By Alison Aloisio, Bethel Citizen

The Toe Tappin’ Jazz Dance Studio of Bethel will target bullying in its production of “Land of Lost Stories,” to be presented today (Thursday) and Friday at the Telstar High School auditorium.

The story was written by Amanda Jordan-Ames and Josh Oliver.

Amanda and her sisters, Heather and Tiffany, teach at the school along with their mom, Maryanne, who took over the dance studio of the late Sue “Miss Sue” Farrar in 2001. Oliver took dance lessons as a youngster, and has maintained a connection to the studio and has written other productions.

“We always like to have a themed storyline with an underlying message,” Amanda said. “With this year’s theme, we decided to target bullying. Bullying has become a growing concern, even in a community like ours. Exposing kids to this subject matter, so they’re aware of the problem, will hopefully make them cognizant of the telltale signs, and how to deal with the issue if bullying occurs.”

The story is about three bullied students: a male dancer, a girl who likes bugs and a girl who loves to read. They are tormented by three students, known as the “populars.”


“All six of them are swept away in the library when a ‘bookworm’ traps them into a story,” said Heather. “The ‘populars’ need the help and knowledge of those they have bullied to save them from situations they otherwise would not be able to escape from, making them realize that popularity isn’t about how you look or what clothes you wear.”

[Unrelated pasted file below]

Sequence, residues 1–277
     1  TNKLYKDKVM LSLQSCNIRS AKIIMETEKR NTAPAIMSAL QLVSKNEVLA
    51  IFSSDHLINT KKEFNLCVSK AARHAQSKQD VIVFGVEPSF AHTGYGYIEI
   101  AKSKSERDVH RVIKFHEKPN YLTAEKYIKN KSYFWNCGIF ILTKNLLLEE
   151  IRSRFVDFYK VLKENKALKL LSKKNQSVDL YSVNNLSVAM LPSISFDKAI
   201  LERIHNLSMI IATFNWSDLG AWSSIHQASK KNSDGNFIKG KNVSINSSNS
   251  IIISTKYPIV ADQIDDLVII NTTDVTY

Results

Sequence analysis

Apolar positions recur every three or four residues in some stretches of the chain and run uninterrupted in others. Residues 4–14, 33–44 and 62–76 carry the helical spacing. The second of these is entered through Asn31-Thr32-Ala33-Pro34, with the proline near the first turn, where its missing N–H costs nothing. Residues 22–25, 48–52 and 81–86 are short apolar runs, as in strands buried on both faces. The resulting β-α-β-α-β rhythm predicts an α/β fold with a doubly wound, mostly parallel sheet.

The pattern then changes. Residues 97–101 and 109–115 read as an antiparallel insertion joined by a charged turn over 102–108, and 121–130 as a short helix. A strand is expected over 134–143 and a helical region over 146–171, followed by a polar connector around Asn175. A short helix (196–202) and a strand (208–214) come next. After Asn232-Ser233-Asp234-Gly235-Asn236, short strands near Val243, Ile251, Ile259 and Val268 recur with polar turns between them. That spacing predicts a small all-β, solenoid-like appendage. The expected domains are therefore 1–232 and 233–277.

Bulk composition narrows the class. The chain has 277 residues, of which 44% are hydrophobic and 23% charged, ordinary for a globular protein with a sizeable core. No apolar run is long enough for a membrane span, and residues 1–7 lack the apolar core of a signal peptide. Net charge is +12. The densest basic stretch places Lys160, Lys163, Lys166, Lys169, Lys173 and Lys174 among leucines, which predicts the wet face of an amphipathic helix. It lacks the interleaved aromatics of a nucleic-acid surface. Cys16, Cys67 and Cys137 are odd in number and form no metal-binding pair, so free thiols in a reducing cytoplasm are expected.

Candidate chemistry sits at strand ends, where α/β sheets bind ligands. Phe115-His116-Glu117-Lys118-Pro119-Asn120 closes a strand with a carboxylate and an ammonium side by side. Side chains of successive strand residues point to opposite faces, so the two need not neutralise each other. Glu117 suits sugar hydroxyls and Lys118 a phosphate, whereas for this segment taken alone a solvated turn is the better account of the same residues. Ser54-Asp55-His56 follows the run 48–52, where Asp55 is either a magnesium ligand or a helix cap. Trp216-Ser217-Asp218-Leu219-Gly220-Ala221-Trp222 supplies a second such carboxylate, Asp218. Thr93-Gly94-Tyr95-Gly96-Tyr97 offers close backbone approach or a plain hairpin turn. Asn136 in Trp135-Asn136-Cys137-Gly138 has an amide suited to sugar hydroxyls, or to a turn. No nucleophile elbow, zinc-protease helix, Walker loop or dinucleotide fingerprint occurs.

Another part of the theme is that being unique is something that should be embraced.

How were the characters for the bullied students chosen?

Amanda said they were developed “as a collaboration of various people I’ve come into contact with at some point in time.”

But, she said, the character of “Kenny,” a dancer who is ridiculed for his love of dance, is included in the production for a particular purpose.

“We have had boys who take an interest in dance, but shy away from it or drop out at an early age, said Amanda. “Many don’t consider dance a sport, and dance has somehow gotten a bad rep of being an activity for girls only. We are proud of the five boys we do have enrolled at the studio, and hopefully, they stick with it.”


Amanda said she hopes the audience will gain some insight from the production.

“Our hope is that the performers and audience walk away with an understanding of what some kids deal with on a daily basis, and will initiate the change we’re hoping for,” she said.

The Thursday show will begin at 4 p.m. and Friday’s show is at 6 p.m.

(The show is also dedicated in memory of Bonnie Marshal, “Miss Bonnie,” who was a long-time instructor with both Miss Sue and Toe Tappin’ Jazz.)

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